Sensors that change color in the presence of oxygen can be useful in food packaging, according to its U.K. inventors.

A sensor that changes color in the presence of oxygen could be beneficial in food packaging, according to its U.K. inventors. The sensor turns blue in the presence of excess oxygen, indicating to the consumer that the food should be thrown away.

Oxygen promotes food spoiling processes such as microbial growth and protein decomposition. Thus, a lot of food is packaged using modified atmosphere, in which inert gases like nitrogen and carbon dioxide are flushed through the package to reduce oxygen concentration. There are already techniques to monitor oxygen in food packages, however, they can be expensive and some require specialist analytical equipment and trained operators.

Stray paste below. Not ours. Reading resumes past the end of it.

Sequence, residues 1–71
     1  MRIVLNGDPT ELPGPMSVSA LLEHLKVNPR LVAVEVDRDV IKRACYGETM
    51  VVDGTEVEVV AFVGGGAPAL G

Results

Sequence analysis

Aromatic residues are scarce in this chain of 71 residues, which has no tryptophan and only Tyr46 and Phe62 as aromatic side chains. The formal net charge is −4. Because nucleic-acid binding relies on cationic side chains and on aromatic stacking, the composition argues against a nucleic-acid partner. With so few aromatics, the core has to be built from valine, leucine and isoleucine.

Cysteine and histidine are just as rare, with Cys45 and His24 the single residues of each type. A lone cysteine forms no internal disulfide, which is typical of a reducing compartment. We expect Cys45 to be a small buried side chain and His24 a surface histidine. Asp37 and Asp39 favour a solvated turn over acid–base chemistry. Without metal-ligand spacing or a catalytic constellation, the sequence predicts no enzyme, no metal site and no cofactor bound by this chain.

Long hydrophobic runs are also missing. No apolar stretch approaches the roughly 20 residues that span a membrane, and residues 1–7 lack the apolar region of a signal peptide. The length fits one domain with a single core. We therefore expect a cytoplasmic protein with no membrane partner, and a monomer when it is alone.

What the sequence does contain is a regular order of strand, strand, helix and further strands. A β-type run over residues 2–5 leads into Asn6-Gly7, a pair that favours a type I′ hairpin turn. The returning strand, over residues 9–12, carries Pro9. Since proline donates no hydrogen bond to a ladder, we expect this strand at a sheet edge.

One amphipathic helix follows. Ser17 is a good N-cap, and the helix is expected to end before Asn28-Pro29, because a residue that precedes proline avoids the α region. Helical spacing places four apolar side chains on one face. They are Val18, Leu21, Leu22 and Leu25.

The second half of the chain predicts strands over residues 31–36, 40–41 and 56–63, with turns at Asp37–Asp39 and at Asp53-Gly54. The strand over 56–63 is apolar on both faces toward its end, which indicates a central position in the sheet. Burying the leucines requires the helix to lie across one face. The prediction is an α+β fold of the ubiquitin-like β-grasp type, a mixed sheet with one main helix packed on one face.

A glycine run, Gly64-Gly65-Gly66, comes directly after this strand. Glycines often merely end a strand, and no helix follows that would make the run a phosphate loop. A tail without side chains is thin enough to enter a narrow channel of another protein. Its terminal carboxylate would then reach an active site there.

The simplicity of the color change sensor developed by Andrew Mills and co-workers at Queen's University, Belfast, is that the package's integrity can be seen in situ by the consumer and is cheap enough for commercial use.

The sensor, which is made of titanium nanoparticles coated with methylene blue dye and sacrificial electron donor DL-threitol, is activated for use by photobleaching with UVA radiation. After the photobleaching stage, the sensor only turns blue in the presence of oxygen. This process can be recycled, but only by repeating the photoactivation stage. By incorporating this technology into food packaging, huge volumes of food waste could be prevented, claims Mills.

“Many of us throw away food simply because we are unsure of its freshness-a ‘consume within indicator’ would help address this issue,” Mills says.